Denver’s new DIRT Coffee is on a mission to support IDD employees

When customers patronize a new cafe in East Denver, their money not only supports the nonprofit organization that runs it, but also training programs that help locals with intellectual and developmental disabilities learn valuable workplace skills. of work.

DIRT Coffee, which aims to bring people with disabilities into the workforce, started as a mobile truck before opening its first brick-and-mortar store in downtown Littleton in 2018. On Thursday, it opened its second store at the Mosaic Community Campus (1785 Quebec St., Building 8, Denver), where Executive Director Catharina Hughey hopes to spread the mantra that each person’s uniqueness is an asset.

According to the Bureau of Labor Statistics, only 31.4% of adults with disabilities between the ages of 16 and 64 are currently employed. This compares to 72.5% of adults of the same age without disabilities. (The BLS considers people who are not in the labor force and not actively seeking employment.)

“I believe we don’t live with a single problem in our lives, and I’ve been very fortunate in my nonprofit work to work in child welfare, with immigrants and refugees. in Aurora, and also doing research with homeless people and now I find myself in the disability community,” said Hughey, who joined DIRT Coffee in 2021. “I really feel like the intersectionality is key to how we present ourselves and move these issues forward.

DIRT stands for “Divergent, Inclusive, Representing, Transforming” – four words central to the organization’s mission. According to the National Center for Disability Journalism, “neurodiversity” refers to brains that function differently, which Hughey and other advocates say should be celebrated.

About 50% of DIRT Coffee’s staff are neurodivergent, Hughey said. Additionally, the store offers an internship program that aims to empower people with intellectual and developmental disabilities, such as autism, Down syndrome, Tourette syndrome, attention deficit/hyperactivity disorder, anxiety and mood disorders, with individual coaching. Interns not only gain work experience in the cafe, but also transferable skills they can use in jobs down the road, Hughey said.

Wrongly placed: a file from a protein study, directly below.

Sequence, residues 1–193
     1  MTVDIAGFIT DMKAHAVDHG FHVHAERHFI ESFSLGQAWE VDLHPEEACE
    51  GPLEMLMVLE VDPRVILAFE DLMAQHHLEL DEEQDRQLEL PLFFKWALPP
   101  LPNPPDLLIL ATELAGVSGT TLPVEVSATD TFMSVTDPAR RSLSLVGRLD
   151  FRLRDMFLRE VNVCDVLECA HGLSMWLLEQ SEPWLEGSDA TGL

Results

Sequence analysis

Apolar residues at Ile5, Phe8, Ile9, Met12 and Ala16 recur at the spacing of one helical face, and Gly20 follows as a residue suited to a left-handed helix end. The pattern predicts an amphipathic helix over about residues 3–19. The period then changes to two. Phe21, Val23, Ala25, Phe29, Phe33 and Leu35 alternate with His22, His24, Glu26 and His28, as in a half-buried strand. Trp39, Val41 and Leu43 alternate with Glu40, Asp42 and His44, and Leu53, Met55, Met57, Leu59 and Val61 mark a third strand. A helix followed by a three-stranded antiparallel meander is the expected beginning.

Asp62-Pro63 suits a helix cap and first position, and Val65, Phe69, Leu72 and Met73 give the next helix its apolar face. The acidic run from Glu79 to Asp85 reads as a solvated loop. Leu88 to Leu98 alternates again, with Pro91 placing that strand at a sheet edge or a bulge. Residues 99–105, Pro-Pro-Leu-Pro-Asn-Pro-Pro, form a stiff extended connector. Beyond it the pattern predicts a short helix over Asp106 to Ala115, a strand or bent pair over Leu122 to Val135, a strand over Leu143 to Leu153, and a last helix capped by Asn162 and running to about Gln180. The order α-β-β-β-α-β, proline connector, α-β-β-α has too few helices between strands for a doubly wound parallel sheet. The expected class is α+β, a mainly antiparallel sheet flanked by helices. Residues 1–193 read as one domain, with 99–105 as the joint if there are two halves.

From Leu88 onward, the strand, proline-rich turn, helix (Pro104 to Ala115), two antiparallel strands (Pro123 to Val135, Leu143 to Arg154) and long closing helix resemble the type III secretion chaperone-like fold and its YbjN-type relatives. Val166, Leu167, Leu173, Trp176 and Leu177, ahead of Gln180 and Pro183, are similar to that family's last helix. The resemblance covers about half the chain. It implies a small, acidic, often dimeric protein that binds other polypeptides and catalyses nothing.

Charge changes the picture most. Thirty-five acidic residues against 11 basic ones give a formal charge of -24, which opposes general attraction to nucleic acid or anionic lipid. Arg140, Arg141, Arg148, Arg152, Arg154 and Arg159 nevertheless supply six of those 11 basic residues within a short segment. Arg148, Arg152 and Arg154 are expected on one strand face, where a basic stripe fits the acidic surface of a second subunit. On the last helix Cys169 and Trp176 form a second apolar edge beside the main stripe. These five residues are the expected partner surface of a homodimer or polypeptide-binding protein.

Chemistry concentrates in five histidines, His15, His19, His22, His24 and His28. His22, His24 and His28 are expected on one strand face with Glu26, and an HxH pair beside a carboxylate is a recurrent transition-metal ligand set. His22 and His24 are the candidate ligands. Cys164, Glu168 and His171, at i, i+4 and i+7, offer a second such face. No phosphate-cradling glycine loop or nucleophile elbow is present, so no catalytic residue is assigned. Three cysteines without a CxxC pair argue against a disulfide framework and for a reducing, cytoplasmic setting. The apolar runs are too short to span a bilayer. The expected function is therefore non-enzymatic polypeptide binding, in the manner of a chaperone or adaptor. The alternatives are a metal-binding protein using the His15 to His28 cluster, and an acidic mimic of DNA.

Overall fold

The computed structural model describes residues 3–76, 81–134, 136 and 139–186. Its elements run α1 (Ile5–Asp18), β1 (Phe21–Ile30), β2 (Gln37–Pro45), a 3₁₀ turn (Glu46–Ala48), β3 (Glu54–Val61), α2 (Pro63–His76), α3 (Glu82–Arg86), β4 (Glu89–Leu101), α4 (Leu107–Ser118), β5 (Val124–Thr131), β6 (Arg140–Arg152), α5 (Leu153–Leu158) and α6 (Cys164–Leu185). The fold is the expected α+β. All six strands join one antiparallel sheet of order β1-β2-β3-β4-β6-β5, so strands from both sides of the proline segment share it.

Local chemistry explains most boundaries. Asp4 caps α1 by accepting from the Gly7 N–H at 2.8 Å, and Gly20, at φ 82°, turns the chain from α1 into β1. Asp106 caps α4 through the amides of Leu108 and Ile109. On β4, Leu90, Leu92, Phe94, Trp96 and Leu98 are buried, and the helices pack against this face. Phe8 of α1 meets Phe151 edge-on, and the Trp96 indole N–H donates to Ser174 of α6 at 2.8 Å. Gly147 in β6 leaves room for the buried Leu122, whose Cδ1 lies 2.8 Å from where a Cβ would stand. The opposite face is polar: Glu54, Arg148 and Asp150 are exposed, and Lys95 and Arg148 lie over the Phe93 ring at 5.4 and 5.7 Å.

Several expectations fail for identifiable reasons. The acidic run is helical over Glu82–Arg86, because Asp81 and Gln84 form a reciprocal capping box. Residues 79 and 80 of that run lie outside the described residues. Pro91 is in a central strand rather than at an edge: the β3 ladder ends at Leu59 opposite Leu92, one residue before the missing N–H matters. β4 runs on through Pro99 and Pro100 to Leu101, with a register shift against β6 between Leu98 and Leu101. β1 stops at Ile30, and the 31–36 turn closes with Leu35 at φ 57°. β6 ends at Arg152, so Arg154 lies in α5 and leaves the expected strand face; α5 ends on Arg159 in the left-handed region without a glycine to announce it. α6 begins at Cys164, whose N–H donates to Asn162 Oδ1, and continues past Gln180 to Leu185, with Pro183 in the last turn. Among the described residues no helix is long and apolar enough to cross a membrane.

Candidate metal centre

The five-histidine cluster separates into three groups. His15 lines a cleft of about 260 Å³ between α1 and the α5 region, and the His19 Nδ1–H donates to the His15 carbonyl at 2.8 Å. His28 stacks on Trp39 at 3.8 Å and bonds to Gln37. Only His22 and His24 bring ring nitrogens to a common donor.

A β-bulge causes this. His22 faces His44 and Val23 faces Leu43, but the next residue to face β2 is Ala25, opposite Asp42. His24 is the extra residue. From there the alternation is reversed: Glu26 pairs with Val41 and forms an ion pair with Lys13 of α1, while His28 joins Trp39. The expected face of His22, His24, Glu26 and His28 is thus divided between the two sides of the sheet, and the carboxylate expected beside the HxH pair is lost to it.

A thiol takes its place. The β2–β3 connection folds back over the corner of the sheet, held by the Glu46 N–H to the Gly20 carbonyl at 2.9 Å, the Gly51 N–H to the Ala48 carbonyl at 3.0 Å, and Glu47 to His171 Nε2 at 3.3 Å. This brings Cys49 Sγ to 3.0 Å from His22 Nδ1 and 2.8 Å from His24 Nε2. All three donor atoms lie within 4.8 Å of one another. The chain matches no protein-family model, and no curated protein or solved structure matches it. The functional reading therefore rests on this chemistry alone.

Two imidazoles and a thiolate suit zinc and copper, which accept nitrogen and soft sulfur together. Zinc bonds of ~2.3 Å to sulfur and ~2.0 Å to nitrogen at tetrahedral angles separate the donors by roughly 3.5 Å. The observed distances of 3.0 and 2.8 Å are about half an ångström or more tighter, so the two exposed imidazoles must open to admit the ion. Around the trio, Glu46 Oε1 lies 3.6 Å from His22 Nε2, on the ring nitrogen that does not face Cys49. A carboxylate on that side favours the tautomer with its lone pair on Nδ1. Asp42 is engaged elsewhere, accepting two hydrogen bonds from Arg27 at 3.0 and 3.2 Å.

Catharina Hughey is Executive Director of DIRT Coffee, which seeks to help more people with intellectual and developmental disabilities enter the workforce through internships and career coaching. (Courtesy of DIRT Coffee)

Through its Inclusive Workforce Employer program, the organization also seeks to educate employers on hiring, promoting and retaining members of the disability community and removing barriers to entry into the workforce. work.

“Getting the neurodivergent population into the jobs that provide them with purpose and meaning is our end goal,” Hughey said. “We would like there to be no barriers to this and we can’t wait for employers and employees to know how to navigate the system to make it a success.”

According to Hughey, the internship, called the Inclusive Employment Program, had a 92% graduation rate in 2021 and saw 60% of its Employment Development participants placed into integrated employment.

With the new Denver site, she hopes to continue to develop these initiatives.

“When we were looking for a second location, there was an intention behind it – we want to make sure we bring our work to communities that have been underserved or underrepresented in the past,” she said. “Having the opportunity to be at the Mosaic Community Campus, which is a campus for working, learning and living, I thought to myself, ‘This is so perfect. ”

While other locations may be developed in the future, DIRT Coffee is looking to maintain its mission first and run a business second, Hughey said. So any other expansion plan requires synergy like the one the organization found in Denver, she added.

Subscribe to our new food newsletter, Stuffed, to get Denver food and drink news delivered straight to your inbox.

Comments are closed.